Epson Home Cinema LS100 LCD Projector and Elite Screens Aeon CLR Screen Review Specs


Epson Home Cinema LS100 LCD Projector
Dimensions (WxHxD, Inches): 19.4 x 7.4 x 17.2
Weight (Pounds): 24.3
Video Inputs: HDMI (3, one MHL), composite video (1), VGA computer
Audio Inputs: Minijack analog stereo (2)
Other: LAN (1), USB Type A (2), USB Type B (1), RS-232C (1)
Prices: $3,000

Elite Screens Aeon CLR Screen
Viewing Surface (WxH, Inches): 78.4 x 44.1
With Frame (WxH, Inches): 79.4 x 45.1
Aspect Ratio: 16:9
Gain: 0.6
Prices: $799

Company Info
Elite Screens


drny's picture

Ultra short projectors are nipping at the heels of mid-level large screen TV displays (85-88" diagonal image). However, they pale (pun intended) compared to reference level displays from Sony, LG, Samsung, or even Vizio.
The dollar value for the larger screen image makes an UST projector tempting, specially for living/ family room viewing.
Unfortunately, when the lights are off, in a dark viewing environment, all UST projector (even with the best ALR screens on the market) will disappoint the Videophile. I am optimistic that market demand will be conducive to the manufacturer's developing UST projectors that match dedicated Home Theater Projectors in image quality.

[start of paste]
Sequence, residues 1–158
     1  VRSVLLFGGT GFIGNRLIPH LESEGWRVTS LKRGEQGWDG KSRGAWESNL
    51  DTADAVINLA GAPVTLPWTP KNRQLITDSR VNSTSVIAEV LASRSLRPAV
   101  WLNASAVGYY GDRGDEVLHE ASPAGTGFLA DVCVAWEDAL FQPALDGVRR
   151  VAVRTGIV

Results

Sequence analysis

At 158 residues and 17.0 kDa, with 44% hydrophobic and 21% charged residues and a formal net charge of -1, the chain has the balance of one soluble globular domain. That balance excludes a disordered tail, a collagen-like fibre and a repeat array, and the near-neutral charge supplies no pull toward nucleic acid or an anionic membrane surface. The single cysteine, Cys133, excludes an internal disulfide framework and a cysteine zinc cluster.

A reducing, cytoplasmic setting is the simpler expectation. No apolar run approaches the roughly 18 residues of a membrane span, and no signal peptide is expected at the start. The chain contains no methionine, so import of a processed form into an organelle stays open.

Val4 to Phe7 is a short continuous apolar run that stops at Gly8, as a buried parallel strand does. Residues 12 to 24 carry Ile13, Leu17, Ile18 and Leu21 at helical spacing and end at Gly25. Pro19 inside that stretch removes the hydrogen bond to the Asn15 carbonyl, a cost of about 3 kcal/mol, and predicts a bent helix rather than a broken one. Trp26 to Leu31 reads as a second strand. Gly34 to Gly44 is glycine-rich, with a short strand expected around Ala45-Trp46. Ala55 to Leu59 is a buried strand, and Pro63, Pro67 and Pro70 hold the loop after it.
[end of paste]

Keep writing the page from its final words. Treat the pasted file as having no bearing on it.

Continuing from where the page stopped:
I imagine a Laser light UST that can match Sony's 285ES 4k projector for $3,000. That would take a huge bite out of the large display TV market.

hk2000's picture

In my opinion, the CLR screen is wrong for the purpose of UST for living room. Most living rooms suffer from different sources of ambient light, such as windows, and table lamps. If you try different ALR screens, you might find this projector performs better. CLR screens are for business applications where most offices have ceiling lights.

hk2000's picture

I might add, I have seen many reviews from users of this projector actually complaining about the high light output and contrast, saying it's too much for viewing in a darkened home theater room.

nkatz's picture

> unlike regular projectors, which require careful lighting control to perform their best, UST models can operate in well-lit environments.

I believe the ability to deal with ambient light has everything to do with the screen and nothing to do with projector throw ratio.